As some banks will resume collecting online transaction fees via InstaPay today, Thursday, Senator Francis Pangilinan on Wednesday asked the government to suspend or reduce those fees until the COVID-19 pandemic ends.
“The Bangko Sentral ng Pilipinas should step in and suspend or slash the online transaction fees during this health emergency,” he said.
Pangilinan noted that the infection numbers are still rising, and that the government should concentrate on ensuring the safety of Filipinos.
“So while COVID hasn’t stopped spreading, it would be better to suspend or lower the collections of online transaction fees,” he said, noting a suspension or lowering of those fees would help the people struggling due to job losses or reduced incomes.
InstaPay is an electronic service that allows the transfer of Philippine peso funds between accounts of participating BSP-supervised banks and non-bank e-money issuers in the country.
Banks initially waived online transaction fees voluntarily. The BSP later urged all entities under its regulation to waive such fees to encourage the public to use online banking to help slow down the spread of COVID-19.
According to the non-government think-tank Infrawatch, some banks will resume collecting such fees on Oct. 1 after suspending it at the start of the pandemic, while others will continue to waive such fees until the end of the year.
“Millions have lost jobs from COVID and the lockdowns. It would be a big help to suspend or lower these transaction fees,” Pangilinan said.
Meanwhile, the Bangko Sentral ng Pilipinas on Wednesday said the reported P1,000 banknote bearing the misspelled name of the President is not legal tender.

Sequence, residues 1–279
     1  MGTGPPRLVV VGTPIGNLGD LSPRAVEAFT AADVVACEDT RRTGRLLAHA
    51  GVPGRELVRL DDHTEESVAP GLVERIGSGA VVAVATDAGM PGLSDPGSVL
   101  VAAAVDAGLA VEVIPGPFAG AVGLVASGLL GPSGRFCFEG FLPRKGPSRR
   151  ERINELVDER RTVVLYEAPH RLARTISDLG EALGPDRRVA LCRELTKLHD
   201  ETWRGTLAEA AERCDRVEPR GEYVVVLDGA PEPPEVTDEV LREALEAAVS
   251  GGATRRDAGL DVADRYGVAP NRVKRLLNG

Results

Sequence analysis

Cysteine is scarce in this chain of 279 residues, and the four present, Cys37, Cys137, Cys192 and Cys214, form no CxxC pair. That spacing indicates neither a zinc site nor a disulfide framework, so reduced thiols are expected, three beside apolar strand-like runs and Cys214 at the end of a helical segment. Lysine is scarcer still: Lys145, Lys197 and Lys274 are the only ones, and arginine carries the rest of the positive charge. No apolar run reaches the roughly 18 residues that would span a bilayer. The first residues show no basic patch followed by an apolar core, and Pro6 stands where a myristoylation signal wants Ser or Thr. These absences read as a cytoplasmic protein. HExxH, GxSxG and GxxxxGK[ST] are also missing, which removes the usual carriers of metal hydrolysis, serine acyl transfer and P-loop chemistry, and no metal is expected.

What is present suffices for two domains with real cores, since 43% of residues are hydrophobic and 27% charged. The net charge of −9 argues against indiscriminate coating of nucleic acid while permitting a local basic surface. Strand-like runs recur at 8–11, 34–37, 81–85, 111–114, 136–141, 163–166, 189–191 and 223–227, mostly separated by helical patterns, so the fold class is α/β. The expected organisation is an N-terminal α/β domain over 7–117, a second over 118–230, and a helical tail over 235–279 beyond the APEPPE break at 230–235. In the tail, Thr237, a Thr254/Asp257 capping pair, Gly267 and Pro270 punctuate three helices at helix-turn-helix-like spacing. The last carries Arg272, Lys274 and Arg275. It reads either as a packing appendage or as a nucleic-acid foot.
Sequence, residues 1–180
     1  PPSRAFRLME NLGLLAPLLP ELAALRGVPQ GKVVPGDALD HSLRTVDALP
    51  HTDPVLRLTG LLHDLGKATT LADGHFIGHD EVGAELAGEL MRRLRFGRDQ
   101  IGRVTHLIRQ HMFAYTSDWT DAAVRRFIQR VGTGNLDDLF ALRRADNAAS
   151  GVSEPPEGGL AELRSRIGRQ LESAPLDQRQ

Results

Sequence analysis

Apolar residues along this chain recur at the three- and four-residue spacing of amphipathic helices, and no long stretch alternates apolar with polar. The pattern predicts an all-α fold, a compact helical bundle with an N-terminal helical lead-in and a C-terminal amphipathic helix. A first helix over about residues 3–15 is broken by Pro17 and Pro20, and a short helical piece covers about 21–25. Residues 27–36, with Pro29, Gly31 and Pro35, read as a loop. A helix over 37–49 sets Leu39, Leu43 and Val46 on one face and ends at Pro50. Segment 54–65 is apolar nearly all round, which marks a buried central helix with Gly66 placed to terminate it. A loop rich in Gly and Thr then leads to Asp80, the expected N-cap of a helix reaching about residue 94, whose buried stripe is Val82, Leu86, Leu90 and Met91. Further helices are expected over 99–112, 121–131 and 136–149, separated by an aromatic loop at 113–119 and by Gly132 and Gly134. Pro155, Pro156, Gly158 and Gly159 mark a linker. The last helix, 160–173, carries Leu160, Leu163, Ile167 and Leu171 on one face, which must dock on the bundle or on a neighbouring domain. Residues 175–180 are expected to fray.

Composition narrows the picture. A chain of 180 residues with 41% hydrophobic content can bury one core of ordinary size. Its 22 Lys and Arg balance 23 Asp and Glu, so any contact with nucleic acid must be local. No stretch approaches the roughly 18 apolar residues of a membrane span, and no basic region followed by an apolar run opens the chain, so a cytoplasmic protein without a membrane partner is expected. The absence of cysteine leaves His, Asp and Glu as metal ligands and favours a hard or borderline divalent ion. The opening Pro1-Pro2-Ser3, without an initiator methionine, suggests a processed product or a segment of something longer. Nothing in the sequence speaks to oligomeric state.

In a photograph that circulated on the Internet earlier, President Rodrigo Duterte’s middle name was misspelled as “Boa” instead of “Roa.”
“Based on verification by the Bangko Sentral ng Pilipinas, the 1000-Piso banknote with the alleged misspelled middle name of President Rodrigo Roa Duterte featured in a story in a website is not legal tender,” BSP said in a statement.
It said the serial number shown in the said banknote did not match any of the ones issued by the BSP for the 1000-Piso Enhanced New Generation Currency banknote.
BSP said it will continue to work with its stakeholders including the media in disseminating the correct information on the Philippine currency and in protecting the integrity of banknotes and coins.
The BSP has been intensifying its campaign against currency counterfeiting. In 2019 alone, its drive resulted in the arrest of unscrupulous individuals involved in the illegal activity and confiscation of fake banknotes with a value of P473,500.
It said in a statement seven anti-currency counterfeiting operations were conducted last year in the different parts of the country.
“For 2019, the rate of currency counterfeiting in the country is at 11.8 parts per million banknotes in circulation, lower than the 12.9 PPM registered in 2018,” it said.
“From 2015 to 2019, the BSP has arrested and filed criminal cases against 67 counterfeiters and confiscated various counterfeit currencies and several equipment and paraphernalia used for counterfeiting,” it said.
The BSP has the sole power and authority to issue currency in the Philippines under Republic Act No. 7653, as amended by RA No. 11211 or “An Act Amending Republic Act Number 7653, otherwise known as the “New Central Bank Act’ and for other Purposes.”
The BSP is also vested with police authority to investigate, make arrests, and conduct searches and seizures in accordance with law for the purpose of maintaining the integrity of the Philippine currency.